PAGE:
First, who is Kevin Kelly? Kelly is a very well-known and respected tech thinker, one of the founders of Wired magazine.  In this latest book he talks about a dozen trends  that we should embrace rather then resist, because they are going to be very important in the next couple of decades. Of course there are the usual suspects like artificial intelligence and robots, But Kelly also talks about changes in intellectual property rights since the dawn of the Internet. He characterizes the Internet as a gigantic copying machine capable  and laughs at our thinking we could impose digital rights management on intellectual property  online.

He also talks about the incredible proliferation of content spawned by the Internet, and the fact that the most valuable commodity today isn’t content  — it’s attention from consumers who are confronted by an almost overwhelming variety of it. So why should we have to pay for it ?

Kelly suggests that in a future of limitless content the advertising model may well be flipped on its head, and consumers would be paid directly to watch ads and try products without agencies as intermediaries. Or, in another variation, publishers would choose the ads on their pages and could even craft a publication just by stringing together really cool ads:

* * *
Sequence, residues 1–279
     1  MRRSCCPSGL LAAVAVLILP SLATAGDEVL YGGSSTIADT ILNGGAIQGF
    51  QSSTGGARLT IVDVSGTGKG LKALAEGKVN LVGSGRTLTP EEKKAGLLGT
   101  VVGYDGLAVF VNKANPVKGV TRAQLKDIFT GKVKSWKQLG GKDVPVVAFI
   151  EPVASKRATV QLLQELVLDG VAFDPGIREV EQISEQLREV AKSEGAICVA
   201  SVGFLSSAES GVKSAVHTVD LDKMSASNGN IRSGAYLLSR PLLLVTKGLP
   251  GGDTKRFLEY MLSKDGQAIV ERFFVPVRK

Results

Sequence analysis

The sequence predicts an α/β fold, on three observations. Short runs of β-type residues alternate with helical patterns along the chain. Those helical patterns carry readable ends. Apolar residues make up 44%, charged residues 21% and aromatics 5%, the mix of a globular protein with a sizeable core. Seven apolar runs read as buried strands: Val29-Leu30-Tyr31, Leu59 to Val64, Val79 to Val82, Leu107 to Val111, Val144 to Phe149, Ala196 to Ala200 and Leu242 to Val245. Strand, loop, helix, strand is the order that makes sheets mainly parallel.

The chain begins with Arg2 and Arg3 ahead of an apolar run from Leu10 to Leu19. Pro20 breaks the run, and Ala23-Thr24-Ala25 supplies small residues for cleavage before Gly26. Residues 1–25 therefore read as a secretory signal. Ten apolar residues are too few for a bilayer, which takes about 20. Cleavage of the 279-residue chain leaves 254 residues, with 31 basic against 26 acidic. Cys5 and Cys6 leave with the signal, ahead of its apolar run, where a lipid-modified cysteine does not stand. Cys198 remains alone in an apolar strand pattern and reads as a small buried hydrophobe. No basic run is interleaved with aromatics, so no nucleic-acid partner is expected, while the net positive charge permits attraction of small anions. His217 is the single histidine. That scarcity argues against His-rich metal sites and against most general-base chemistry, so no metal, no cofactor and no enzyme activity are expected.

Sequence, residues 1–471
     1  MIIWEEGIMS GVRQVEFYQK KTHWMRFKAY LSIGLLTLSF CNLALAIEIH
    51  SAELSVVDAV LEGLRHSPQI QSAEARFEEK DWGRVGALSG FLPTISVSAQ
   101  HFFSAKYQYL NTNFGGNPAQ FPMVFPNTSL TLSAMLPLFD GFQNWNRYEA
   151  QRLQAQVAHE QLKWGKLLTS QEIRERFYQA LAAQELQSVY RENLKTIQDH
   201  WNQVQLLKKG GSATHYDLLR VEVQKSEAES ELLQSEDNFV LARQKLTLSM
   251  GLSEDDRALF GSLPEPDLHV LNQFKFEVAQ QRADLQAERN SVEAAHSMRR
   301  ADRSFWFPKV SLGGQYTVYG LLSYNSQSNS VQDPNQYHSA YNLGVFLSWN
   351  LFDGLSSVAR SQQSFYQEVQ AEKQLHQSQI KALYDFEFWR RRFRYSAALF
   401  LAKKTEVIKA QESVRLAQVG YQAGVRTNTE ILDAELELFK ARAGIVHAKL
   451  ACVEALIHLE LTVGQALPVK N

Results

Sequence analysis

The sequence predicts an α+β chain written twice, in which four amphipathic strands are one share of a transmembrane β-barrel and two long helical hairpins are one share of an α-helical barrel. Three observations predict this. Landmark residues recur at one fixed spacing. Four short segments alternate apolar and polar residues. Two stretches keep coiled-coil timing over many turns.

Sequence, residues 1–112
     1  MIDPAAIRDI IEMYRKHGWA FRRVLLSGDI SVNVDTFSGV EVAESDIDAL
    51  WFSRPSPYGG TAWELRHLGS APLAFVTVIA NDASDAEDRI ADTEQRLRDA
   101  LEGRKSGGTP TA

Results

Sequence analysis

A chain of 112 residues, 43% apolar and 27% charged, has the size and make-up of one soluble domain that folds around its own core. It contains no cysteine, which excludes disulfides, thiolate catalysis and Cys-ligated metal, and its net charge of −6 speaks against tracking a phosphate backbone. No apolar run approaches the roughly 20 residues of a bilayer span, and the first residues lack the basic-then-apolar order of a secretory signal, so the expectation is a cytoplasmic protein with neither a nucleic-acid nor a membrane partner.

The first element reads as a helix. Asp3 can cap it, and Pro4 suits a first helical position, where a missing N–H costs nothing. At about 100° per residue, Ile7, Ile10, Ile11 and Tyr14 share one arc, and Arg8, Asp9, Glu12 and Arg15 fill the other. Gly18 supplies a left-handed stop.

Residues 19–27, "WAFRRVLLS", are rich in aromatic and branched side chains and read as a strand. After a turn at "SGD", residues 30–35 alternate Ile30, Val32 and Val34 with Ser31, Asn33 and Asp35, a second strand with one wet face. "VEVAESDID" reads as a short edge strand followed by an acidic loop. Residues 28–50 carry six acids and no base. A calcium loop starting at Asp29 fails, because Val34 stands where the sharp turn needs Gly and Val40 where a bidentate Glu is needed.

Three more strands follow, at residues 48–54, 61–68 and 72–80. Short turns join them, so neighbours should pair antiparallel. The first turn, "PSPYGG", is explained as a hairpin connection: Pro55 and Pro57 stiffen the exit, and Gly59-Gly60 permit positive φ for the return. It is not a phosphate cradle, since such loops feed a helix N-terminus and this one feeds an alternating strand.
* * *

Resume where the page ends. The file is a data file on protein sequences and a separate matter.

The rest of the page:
The simple idea is that you can craft a publication, or a reading/viewing experience, primarily by choosing and sequencing ads. Selecting the right cool ads — not merely cool content — is the attraction. Not just tiny adsense text ad boxes, but full page ads, or even commercials inside widgets. When I was part of the team making Wired magazine a decade ago, half the battle at launch was landing the right cool ads. We had to convince the advertisers to join (and pay) us. But what if we could just choose the cool ads we wanted, without having to ask permission? What if we could simply harvest the the best ads (measured by any metric we choose) and were paid for the ones we ran according to the traffic we brought to them?

In either of these new models, advertisers would not control where their ads appeared and thus the role of the traditional agency would be over.

Facebook’s FAN Will Serve Ads to Non-Users

Once again, Facebook has signaled its power in the ad tech business. After sunsetting Live Rail and its ad exchange, the social network-cum-media company has now gone all in on the Facebook Audience Network, designed to reach people who do not have Facebook accounts but look like similar audiences that do.

On the face of it, this is a good idea. But we wonder if it’s really as good as Facebook expects. There is actually a question on Quora, the well-regarded question and answer site, that gives us insight into what kinds of people don’t have Facebook accounts.